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As far as I understand Times New Roman is not a free font but a license to use it for personal purposes is included in products like Microsoft Word. Suppose I do not own a copy/license to any such product that includes the font. Can I legally just download the font from the internet and use it to write and publish an academic paper?

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  • Usually when someone "publishes" a paper, it goes through a publisher, who owns the fonts. What do you mean "publish," if not that? Feb 2, 2021 at 17:45

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The question of whether publishing a document that uses a font is a violation of the copyright of that font depends on the method used for publication, but leaving that aside, in the specific case of the font Times New Roman, the answer is a qualified yes.

Times New Roman was one of the fonts included in Microsoft's Core Fonts for the Web package in the late 1990s. This was a package of specific fonts which Microsoft made available for free distribution. The license that was used specifically allowed redistribution of the fonts as long as they remained in their original form and were not sold or bundled for profit.

Microsoft discontinued the project a few years later, and newer versions of the fonts are no longer available under the same license, however the original font license remains in effect for the specific versions which were released under it.

This version of Times New Roman is quite old and has a limited character set, but it's still usable. As long as you distribute the original font package unchanged with the EULA intact, and do not sell it, you are allowed to distribute an unlimited number of copies of the font.

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It is not legal to copy fonts that happen to be findable on the internet but not licensed for your use: that is copyright infringement. Certain fonts may be automatically sub-licensed to you via the operating system, but let's say that you found a font on a pirate site and downloaded it. That is copyright infringement, which is illegal. Personal-use infringement often receives the benefit of the blind eye so you may be able to "get away with it".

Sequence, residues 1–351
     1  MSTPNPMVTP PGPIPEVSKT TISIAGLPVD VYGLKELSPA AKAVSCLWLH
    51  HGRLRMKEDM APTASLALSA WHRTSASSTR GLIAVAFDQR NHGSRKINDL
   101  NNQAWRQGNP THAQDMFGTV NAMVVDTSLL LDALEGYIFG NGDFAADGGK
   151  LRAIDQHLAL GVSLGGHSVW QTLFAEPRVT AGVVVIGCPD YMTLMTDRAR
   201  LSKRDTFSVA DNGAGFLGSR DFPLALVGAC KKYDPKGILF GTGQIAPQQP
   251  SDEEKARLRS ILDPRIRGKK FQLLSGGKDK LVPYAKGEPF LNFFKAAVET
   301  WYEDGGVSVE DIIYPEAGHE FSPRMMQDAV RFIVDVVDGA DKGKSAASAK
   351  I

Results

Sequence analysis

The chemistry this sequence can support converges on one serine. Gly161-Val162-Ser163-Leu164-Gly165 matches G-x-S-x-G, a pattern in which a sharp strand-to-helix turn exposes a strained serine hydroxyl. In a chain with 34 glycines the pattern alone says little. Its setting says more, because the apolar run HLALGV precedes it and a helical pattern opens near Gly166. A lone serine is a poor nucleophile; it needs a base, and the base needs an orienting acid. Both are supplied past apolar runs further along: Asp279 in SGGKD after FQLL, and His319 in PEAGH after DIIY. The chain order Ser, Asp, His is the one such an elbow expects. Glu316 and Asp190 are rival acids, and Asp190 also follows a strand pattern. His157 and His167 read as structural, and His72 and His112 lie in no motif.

"Publication" is a very broad and non-legal term. You can submit a manuscript created with a pirated font, and a professional publishing house will substitute licensed fonts. But these days, many publications are self-publications, so it is possible (depending on format) but rare to actually embed a font in a document. That would be infringement as well, and more likely to get the attention of the copyright holder. It would definitely be infringement to upload the pirated fonts along with the document and encourage people to copy those fonts illegally along with the document.

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  • Im not following your discussion of embedding fonts here. Are you saying embedding fonts is always prohibited unless you have a license specifying it is allowed? Or is it always allowed but not okay if you didnt acquire the font legally? If embedding is prohibited without a license can you elaborate on how this violates copyright given that the US doesnt extend copyright protection to character glyphs? Does it depend on how the font is embedded?
    – Matt
    Feb 3, 2021 at 3:11
  • Copying in the first place is prohibited. Embedding is just another instance of copy, except it is more likely to catch the rights owner's attention, when you distribute the work with the embedded file. The file, qua software is protected, even when the shapes are not. "Embedding" generally means "insert a copy of the software inside the file", so if you mean something else, you should explain what other meaning you have in mind.
    – user6726
    Feb 3, 2021 at 6:02

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